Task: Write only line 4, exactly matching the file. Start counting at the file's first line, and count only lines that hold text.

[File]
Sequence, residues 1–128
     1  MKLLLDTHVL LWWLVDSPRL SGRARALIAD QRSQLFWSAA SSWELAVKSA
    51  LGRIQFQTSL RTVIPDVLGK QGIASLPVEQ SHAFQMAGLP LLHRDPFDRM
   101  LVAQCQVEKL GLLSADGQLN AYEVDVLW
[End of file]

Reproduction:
   101  LVAQCQVEKL GLLSADGQLN AYEVDVLW